In one hand, Suk Joo not bowing in front of Soon Ho was a grand declaration of straying from his very own delusional world which had become an extension of Soon Ho’s ambitions and stated that he did his best to be a good doctor. On the other hand, Soon Ho’s empire was crumbling and his words that becoming the one he was at the present was all because those above him needed him and those below him feared him was one last roar before the flow of events would crush him down like the insect he was. Soon Ho and Hyun Joon had put their trust in the forthcoming ethics committee that would terminate Young Oh and Suk Joo in an attempt to kill two birds with one stone. Suk Joo’s post-operational conversation with Young Oh was depicting that Young Oh already had a plan in mind, but he was also aware of the fact that Suk Joo had sacrificed way too much for the regenerative medicine’s effectiveness. Giving it up would never be an option and Young Oh would take that factor into consideration in front of the ethics committee. But let’s move to a more important aspect of the episode’s first phase.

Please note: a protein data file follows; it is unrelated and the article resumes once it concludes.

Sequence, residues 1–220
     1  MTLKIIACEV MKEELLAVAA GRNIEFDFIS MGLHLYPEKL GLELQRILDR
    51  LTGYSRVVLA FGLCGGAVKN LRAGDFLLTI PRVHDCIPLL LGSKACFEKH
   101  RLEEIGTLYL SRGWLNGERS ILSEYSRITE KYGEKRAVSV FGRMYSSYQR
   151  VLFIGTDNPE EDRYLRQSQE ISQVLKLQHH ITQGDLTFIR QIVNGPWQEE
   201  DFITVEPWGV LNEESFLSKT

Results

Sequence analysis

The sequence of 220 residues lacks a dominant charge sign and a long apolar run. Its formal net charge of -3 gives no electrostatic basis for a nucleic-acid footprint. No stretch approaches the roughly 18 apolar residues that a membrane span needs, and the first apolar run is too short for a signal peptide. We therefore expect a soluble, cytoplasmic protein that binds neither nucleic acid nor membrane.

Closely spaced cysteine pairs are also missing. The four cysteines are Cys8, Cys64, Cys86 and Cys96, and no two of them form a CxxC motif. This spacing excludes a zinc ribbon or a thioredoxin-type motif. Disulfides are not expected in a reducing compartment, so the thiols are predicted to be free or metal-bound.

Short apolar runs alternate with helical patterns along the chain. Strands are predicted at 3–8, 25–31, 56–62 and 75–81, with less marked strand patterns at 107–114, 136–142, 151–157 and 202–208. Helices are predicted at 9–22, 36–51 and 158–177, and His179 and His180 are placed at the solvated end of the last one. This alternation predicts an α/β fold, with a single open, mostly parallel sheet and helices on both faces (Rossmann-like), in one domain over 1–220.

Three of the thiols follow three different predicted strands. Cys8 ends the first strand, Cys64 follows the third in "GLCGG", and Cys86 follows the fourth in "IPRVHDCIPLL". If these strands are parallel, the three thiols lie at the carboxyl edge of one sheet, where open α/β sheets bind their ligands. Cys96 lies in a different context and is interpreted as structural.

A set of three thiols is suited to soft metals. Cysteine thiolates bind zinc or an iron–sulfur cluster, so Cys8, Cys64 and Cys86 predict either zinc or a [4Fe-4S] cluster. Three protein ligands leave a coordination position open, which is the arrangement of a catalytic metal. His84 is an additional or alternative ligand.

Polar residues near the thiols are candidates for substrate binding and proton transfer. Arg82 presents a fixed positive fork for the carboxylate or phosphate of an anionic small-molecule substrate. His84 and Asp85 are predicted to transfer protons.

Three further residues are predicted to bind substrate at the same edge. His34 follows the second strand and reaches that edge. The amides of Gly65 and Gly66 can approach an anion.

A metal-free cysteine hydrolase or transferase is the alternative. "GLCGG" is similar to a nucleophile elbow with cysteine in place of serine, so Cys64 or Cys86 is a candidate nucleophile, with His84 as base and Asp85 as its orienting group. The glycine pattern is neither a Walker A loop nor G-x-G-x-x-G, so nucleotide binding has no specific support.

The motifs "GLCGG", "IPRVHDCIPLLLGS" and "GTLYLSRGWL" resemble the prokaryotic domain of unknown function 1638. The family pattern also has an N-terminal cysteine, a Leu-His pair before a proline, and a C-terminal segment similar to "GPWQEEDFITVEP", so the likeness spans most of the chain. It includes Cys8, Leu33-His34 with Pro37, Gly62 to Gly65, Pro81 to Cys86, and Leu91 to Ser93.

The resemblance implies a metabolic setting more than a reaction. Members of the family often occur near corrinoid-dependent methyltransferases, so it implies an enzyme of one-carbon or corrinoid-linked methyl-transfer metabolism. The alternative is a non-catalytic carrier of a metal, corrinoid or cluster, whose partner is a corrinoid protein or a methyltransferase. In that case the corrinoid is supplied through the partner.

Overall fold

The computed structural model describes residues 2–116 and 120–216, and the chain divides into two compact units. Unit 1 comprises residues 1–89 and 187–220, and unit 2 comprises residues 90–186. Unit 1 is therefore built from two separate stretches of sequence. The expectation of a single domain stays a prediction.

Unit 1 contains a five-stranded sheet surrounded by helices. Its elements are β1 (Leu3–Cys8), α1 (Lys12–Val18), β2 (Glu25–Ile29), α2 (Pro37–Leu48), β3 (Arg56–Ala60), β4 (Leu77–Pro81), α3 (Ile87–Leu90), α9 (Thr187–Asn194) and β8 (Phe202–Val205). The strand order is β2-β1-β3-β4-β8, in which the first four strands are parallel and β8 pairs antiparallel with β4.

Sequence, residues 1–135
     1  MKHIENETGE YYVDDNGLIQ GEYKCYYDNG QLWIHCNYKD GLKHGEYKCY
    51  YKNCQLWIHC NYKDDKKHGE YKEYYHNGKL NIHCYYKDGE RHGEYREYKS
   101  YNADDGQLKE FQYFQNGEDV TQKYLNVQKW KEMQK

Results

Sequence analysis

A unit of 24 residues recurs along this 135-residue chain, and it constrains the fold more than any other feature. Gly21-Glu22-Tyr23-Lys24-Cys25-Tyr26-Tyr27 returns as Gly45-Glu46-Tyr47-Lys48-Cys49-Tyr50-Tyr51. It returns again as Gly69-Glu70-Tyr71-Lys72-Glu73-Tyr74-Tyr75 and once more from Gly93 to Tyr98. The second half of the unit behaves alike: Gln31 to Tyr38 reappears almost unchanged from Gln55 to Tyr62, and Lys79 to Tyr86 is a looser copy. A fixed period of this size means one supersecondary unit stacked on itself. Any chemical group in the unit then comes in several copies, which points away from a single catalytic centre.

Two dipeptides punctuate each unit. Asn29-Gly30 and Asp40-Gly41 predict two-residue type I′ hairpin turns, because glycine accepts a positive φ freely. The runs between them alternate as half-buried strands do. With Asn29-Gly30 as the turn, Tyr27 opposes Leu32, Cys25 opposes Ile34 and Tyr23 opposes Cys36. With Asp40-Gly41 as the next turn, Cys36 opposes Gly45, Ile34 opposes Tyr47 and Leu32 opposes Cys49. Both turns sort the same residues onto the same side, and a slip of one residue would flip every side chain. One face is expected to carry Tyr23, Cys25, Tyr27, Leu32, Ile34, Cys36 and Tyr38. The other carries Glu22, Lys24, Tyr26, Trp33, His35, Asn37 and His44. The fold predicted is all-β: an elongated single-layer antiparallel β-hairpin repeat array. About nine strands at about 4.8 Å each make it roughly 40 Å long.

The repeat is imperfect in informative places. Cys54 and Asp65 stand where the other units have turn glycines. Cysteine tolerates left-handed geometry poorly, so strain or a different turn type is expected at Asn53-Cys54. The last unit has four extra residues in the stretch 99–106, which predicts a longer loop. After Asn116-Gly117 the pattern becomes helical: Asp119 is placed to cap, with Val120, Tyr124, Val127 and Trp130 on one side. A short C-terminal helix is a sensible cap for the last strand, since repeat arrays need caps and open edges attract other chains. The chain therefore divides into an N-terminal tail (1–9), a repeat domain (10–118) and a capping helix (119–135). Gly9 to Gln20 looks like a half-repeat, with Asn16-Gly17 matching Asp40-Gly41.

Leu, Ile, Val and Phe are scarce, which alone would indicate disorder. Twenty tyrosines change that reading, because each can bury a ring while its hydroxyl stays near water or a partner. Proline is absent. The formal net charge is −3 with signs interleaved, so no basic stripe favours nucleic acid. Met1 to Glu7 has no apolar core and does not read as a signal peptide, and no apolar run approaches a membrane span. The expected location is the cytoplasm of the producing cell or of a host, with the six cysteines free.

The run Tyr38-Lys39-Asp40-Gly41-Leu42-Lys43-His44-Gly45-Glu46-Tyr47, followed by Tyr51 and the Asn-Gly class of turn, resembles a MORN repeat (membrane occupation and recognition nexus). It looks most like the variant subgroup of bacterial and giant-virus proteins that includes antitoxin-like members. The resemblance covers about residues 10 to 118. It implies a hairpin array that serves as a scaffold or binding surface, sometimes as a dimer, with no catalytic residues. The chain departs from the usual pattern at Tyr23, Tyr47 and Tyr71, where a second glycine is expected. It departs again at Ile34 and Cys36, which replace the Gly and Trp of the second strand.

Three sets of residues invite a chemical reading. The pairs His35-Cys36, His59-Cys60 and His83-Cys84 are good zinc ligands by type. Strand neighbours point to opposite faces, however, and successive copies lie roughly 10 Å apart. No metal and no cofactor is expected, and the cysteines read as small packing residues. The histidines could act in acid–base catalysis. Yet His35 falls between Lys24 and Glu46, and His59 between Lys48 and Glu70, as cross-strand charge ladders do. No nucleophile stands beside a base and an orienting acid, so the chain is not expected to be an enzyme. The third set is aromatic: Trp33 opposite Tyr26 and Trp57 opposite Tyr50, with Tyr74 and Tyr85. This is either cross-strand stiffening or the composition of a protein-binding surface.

Jin Sung being the first person Young Oh would see after regaining consciousness was of major importance. After all, she was the one who was making his world pound with meaning amid traces of emotion and figuring out that she was fine, even though she was still unconscious, was something relieving despite the fact that he couldn’t stand by her side at that point. However, which man would gather all the strength he could after undergoing surgery to be close to his Wi-Fi darling? That man! And which man would become captain obvious (for one more time) when it comes to excuses while pretending that exercising in that condition was essential when all he wanted was to reach Jin Sung? Again, that man, the man, Young Oh! The same man would make phone calls to find out if the moment for Jin Sung to start having visitors had arrived for reasons we already know! Young Oh, you can’t hide from anyone, not even yourself, and it’s hilarious! Young Oh may had made some serious progress when it comes to interacting with others, but what was also important was the fact that people who feared/admired him, were somewhat jealous of his medical skills or simply couldn’t understand him had finally started acclimating themselves inside an environment that was including Young Oh and they were showing it in their own way (the powerless rangers, Sung Eun, nurse Jang – Jin Sung’s brother was a quirky and eruptive surprise).